Lephalala RiverThe languid waters of the Lephalala River / Photo: Mike LeicesterAll of the roads from this point onwards are gravel, which vary in quality from poor to terrible. Travel in a south-westerly direction for 11.2 kms to S23.643899 E28.170620, then turn left onto the D580. Travel for 1.1 kms in a southerly direction to S23.653888 E28.169486, then turn right onto the D1460. Travel for 1.1 kms to S23.655435 E28.159098, then turn left onto the D1777. Follow this road for 12.2 kms until you get to an intersection at S23.718133 E28.169492. Turn left onto the D2180, and travel for 21.7 kms to a T-junction at S23.865675 E28.160497.

About halfway along this road you will encounter an unnamed pass, which in some ways is more challenging than Brown’s Cutting itself. At the T-junction, turn right onto the D1939, then travel for 6.3 kms to S23.913227 E28.132874, which is the northern start point of the pass.

Irrespective of whether you approach from the north or the south, do not attempt this pass or its approach roads unless you are driving a high clearance 4x4 vehicle. It would be better to tackle this route with at least two vehicles and all of the necessary recovery equipment. If you intend doing this route on an adventure motorcycle, make sure that your soft sand riding skills are up to scratch, as the sand monsters live here in abundance.

On the pass things get rough and narrowThe road is rough in places on the pass itself / Photo: Mike LeicesterWe have filmed the pass from north to south. As the pass begins, the road is fairly wide and in a good condition. The gradient is gentle at first and the pass moves through a wide right-hand turn into a westerly heading. A short straight section is then traversed, followed by two shallow reverse S-bends, as the gradient begins to increase and the road narrows considerably. A small gully begins to appear on either side of the road, caused by water runoff, and game fencing is evident on both sides. The road condition worsens as the pass continues to climb through a series of shallow bends, then degenerates into a “twee spoor” track. Be particularly careful from this point onwards that you remain in the centre of the road, as the water runoff has undercut the road in a number of places, and putting a wheel into a metre-deep hole would not make for an easy recovery.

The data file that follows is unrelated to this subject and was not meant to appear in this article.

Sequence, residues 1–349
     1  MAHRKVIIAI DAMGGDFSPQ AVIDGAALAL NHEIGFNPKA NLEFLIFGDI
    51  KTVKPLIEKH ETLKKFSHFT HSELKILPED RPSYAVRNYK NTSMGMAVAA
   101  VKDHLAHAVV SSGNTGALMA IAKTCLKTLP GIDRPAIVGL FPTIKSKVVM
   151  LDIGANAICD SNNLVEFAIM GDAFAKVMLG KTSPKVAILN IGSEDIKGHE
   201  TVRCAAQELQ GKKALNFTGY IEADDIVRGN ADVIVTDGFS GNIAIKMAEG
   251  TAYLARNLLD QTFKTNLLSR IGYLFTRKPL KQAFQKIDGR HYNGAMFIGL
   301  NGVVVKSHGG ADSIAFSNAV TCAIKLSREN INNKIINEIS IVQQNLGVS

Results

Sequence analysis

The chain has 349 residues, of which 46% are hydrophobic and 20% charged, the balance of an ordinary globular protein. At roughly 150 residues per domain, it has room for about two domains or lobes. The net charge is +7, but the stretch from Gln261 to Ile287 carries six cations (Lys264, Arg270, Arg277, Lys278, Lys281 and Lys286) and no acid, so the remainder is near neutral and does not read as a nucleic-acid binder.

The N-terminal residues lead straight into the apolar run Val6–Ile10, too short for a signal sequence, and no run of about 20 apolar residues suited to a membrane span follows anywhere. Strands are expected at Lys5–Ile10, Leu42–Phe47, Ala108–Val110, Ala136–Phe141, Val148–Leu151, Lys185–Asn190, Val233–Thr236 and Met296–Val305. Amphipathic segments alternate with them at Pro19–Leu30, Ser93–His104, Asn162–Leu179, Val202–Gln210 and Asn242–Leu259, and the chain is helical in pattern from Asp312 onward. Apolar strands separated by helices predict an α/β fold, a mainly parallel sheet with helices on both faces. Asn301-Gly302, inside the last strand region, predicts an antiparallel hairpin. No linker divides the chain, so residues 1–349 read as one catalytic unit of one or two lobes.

The gradient ramps up as the pass winds its way up the mountain, although it never gets so steep that traction is an issue, unless it is wet. If you have oncoming traffic on this section, one of the vehicles will have to reverse to a safe passing point, which would be particularly dangerous given the deep gullys on either side, often hidden by vegetation. Fortunately, this road appears to be seldom used. Deep holes and bumps start to appear on the road and you will need to decrease your speed.

The last kilometre is the steepest part of the pass. It is also the narrowest, and the road is hemmed in by thick bush and a steep cutting on the left-hand side. As you approach the summit, the road widens again and the surface becomes a lot smoother, allowing you to relax a little as you near the end of the pass at the 4.8 km mark.

If you have approached this pass from the south, and you do not intend to do a U-turn to retrace your route, then use the instructions for the northern approach given above, in reverse, to extricate yourself from the maze of farm roads and dead-ends in this area.

Research and text write-up by Mike Leicester

Fact File:


S23.913227 E28.132874


S23.935374 E28.095617


S23.935374 E28.095617














4,8 km




7 minutes


60 kph


Gravel (D1939)






Vaalwater (60km)

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Mountain Passes South Africa

Mountain Passes South Africa is a website dedicated to the research, documentation, photographing and filming of the mountain passes of South Africa.

Passes are classified according to provinces and feature a text description, Fact File including GPS data, a fully interactive dual-view map and a narrated YouTube video.